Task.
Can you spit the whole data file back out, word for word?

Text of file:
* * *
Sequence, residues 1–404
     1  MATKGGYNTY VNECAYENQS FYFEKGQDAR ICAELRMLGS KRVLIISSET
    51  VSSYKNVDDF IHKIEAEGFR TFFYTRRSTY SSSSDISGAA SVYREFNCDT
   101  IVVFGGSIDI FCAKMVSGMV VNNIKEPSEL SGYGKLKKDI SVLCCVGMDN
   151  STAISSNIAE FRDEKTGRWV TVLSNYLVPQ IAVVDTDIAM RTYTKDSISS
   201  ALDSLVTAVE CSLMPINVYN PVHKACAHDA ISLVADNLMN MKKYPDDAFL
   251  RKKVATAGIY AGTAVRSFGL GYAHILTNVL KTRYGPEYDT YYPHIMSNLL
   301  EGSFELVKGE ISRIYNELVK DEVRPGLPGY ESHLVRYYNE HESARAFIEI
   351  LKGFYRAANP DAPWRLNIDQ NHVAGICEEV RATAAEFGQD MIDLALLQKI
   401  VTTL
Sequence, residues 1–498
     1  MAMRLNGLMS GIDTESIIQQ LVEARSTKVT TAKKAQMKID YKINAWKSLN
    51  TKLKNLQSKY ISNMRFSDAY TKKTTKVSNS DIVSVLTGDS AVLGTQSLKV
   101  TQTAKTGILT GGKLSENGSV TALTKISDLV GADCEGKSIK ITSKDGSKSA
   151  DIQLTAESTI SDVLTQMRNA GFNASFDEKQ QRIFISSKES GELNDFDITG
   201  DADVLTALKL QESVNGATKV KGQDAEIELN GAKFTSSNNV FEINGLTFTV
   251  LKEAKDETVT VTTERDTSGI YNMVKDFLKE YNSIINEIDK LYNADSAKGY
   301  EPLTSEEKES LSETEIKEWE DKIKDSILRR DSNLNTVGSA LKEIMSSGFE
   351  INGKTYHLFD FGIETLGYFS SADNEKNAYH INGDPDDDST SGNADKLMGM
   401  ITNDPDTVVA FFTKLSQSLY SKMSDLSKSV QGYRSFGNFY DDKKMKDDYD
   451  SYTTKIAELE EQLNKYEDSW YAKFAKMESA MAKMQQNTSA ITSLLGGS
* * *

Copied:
Sequence, residues 1–404
     1  MATKGGYNTY VNECAYENQS FYFEKGQDAR ICAELRMLGS KRVLIISSET
    51  VSSYKNVDDF IHKIEAEGFR TFFYTRRSTY SSSSDISGAA SVYREFNCDT
   101  IVVFGGSIDI FCAKMVSGMV VNNIKEPSEL SGYGKLKKDI SVLCCVGMDN
   151  STAISSNIAE FRDEKTGRWV TVLSNYLVPQ IAVVDTDIAM RTYTKDSISS
   201  ALDSLVTAVE CSLMPINVYN PVHKACAHDA ISLVADNLMN MKKYPDDAFL
   251  RKKVATAGIY AGTAVRSFGL GYAHILTNVL KTRYGPEYDT YYPHIMSNLL
   301  EGSFELVKGE ISRIYNELVK DEVRPGLPGY ESHLVRYYNE HESARAFIEI
   351  LKGFYRAANP DAPWRLNIDQ NHVAGICEEV RATAAEFGQD MIDLALLQKI
   401  VTTL
Sequence, residues 1–498
     1  MAMRLNGLMS GIDTESIIQQ LVEARSTKVT TAKKAQMKID YKINAWKSLN
    51  TKLKNLQSKY ISNMRFSDAY TKKTTKVSNS DIVSVLTGDS AVLGTQSLKV
   101  TQTAKTGILT GGKLSENGSV TALTKISDLV GADCEGKSIK ITSKDGSKSA
   151  DIQLTAESTI SDVLTQMRNA GFNASFDEKQ QRIFISSKES GELNDFDITG
   201  DADVLTALKL QESVNGATKV KGQDAEIELN GAKFTSSNNV FEINGLTFTV
   251  LKEAKDETVT VTTERDTSGI YNMVKDFLKE YNSIINEIDK LYNADSAKGY
   301  EPLTSEEKES LSETEIKEWE DKIKDSILRR DSNLNTVGSA LKEIMSSGFE
   351  INGKTYHLFD FGIETLGYFS SADNEKNAYH INGDPDDDST SGNADKLMGM
   401  ITNDPDTVVA FFTKLSQSLY SKMSDLSKSV QGYRSFGNFY DDKKMKDDYD
   451  SYTTKIAELE EQLNKYEDSW YAKFAKMESA MAKMQQNTSA ITSLLGGS